• Read equipment manuals, e.g. read equipment manuals to learn how to set-up and operate equipment, such as shears and brakes. (3)
  • Read regulations, Acts, codes and standards, e.g. read standards issued by the Sheet Metal and Air Conditioning Contractors' National Association to learn the guidelines governing the installation of round industrial ducts. (4)

Document use

  • Locate data on labels and signs, e.g. identify hazard symbols affixed to containers of solvents and caulking products. (1)
  • Enter data into a variety of tags, e.g. enter data, such as dates and times, on equipment lock-out tags. (1)
  • Complete a variety of forms, e.g. complete entry forms, such as work orders, by entering part numbers, dates, identification numbers, job codes, dimensions, quantities and unit prices. (2)
  • Locate data in lists and tables, e.g. locate part numbers, descriptions, dimensions, specifications, times, clearances and inventory levels in lists and specification tables. (2)
  • Interpret process schematics, e.g. study loop circuit diagrams to understand how heating systems work and to locate system components. (3)
  • Study technical drawings to locate data and identify the placements of parts, e.g. review scale drawings of complex components to identify fabrication sequences and locate dimensions and angles. (4)


  • Write short notes to co-workers and colleagues, e.g. write logbook entries to record tasks performed and equipment settings changed. (1)
  • Write text entries in forms and log books, e.g. describe worksite hazards in hazard assessment forms. (2)
  • May write short reports for installation projects and production runs, e.g. write short reports to inform contractors and customers about the progress being made and difficulties encountered on projects. (2)


  • Measure distances, temperatures and angles using basic measuring tools, such as tape measures, thermometers and protractors. (1)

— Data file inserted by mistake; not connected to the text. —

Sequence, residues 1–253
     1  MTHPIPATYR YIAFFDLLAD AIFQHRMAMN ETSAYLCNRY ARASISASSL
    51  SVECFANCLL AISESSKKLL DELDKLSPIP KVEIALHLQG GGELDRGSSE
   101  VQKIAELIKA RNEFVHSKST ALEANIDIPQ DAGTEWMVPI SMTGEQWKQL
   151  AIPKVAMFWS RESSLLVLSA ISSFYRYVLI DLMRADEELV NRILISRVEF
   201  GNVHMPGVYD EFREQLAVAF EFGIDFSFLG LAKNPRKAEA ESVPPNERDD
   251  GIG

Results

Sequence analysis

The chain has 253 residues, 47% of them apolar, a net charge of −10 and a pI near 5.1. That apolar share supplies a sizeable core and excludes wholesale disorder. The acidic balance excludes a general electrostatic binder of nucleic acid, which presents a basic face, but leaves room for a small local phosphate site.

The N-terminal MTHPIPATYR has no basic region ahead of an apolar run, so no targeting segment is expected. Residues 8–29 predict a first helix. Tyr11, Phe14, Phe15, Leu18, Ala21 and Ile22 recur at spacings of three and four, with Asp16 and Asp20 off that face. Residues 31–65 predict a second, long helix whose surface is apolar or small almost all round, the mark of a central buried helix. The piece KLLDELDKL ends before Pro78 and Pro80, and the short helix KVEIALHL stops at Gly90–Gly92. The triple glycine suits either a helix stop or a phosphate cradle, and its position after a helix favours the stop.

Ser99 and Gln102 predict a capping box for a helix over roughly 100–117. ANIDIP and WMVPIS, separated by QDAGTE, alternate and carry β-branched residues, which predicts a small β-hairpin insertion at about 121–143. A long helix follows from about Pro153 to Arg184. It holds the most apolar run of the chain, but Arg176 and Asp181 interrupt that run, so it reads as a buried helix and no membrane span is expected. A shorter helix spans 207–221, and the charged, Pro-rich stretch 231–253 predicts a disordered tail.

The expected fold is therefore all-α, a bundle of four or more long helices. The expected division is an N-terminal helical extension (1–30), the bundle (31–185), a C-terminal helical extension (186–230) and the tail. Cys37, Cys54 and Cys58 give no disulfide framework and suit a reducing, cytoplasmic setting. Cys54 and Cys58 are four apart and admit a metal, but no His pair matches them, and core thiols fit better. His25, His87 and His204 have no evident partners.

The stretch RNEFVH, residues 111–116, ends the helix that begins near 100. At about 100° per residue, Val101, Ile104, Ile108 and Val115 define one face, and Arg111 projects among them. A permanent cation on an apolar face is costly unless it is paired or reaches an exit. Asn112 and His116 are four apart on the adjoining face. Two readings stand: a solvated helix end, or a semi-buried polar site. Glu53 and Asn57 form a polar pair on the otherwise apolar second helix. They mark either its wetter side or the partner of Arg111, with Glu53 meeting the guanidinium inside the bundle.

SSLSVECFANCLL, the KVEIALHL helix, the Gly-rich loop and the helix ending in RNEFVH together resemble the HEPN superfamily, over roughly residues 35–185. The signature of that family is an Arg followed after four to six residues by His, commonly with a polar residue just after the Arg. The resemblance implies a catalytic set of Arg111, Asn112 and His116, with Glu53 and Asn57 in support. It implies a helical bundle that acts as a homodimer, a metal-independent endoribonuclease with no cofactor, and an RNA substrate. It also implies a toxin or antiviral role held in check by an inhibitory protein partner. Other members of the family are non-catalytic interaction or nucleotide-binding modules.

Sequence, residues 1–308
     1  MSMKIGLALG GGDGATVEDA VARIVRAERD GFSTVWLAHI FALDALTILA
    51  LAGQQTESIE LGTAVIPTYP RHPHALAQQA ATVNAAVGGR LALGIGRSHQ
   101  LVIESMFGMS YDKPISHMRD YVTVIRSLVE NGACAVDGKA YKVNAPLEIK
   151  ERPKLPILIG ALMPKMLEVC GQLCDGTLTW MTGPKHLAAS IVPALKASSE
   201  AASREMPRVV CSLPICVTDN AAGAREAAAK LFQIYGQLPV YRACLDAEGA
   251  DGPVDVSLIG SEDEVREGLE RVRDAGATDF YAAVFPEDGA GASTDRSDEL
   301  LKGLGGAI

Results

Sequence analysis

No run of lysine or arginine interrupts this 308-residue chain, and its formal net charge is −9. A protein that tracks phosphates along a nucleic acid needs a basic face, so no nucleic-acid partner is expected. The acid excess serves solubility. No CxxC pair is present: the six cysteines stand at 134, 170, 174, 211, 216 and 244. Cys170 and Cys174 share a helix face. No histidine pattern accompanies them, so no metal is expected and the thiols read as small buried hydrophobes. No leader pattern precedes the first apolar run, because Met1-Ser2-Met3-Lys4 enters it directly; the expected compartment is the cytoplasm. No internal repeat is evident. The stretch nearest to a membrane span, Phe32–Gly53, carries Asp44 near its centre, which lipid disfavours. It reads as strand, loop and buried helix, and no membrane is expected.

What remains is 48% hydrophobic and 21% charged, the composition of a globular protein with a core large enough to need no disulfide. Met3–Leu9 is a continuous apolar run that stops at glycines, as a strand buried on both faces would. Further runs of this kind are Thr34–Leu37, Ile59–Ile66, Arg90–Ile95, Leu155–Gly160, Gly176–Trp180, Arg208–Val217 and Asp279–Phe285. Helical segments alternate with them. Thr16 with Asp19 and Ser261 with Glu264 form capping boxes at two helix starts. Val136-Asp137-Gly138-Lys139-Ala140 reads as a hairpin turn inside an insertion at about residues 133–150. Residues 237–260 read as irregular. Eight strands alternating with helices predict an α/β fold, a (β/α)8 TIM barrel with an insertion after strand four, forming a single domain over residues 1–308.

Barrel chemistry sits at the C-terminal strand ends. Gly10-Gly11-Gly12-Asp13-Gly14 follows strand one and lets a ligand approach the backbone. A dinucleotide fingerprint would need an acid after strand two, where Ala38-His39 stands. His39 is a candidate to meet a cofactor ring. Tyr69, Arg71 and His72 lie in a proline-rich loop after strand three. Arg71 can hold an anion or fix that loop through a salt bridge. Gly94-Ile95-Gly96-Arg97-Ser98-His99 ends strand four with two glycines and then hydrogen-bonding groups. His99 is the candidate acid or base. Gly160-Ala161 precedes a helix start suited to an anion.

• Compare measurements of angles, airflows, dimensions, clearances, humidity and temperatures to specifications. (1)
  • May calculate expense claim amounts for travel and supplies, e.g. calculate reimbursement amounts for supplies purchased using cash. (2)
  • May create project timelines to record significant events, such as start and completion dates, for large installation projects. (2)
  • May manage small material and supply inventories, e.g. reduce inventory counts when repair parts, such as fans and materials, such as sheet metals are used for projects. (2)
  • Estimate cut lengths and seam allowances when exact measurements are not required. (2)
  • Estimate times required to complete projects by considering the scope of work and times taken to complete similar projects in the past. (2)
  • May calculate amounts for estimates and invoices. They multiply hours worked by labour rates and add amounts for parts, materials and supplies. They calculate applicable taxes and subtract pre-paid payments. (3)
  • Take precise measurements using specialized measuring tools, such as micrometers. (3)
  • Calculate capacities, air flows, temperature differentials and other factors important to the operation of heating and ventilation systems. (3)
  • Calculate quantities of materials needed for fabrication, construction and installation projects by analyzing surfaces into constituent geometric shapes and using formulae to calculate areas and wastage. (4)
  • Lay out materials for cutting, bending, folding and welding, e.g. use geometric construction methods to scribe flat metal pieces for cutting and bending into three-dimensional structures. (4)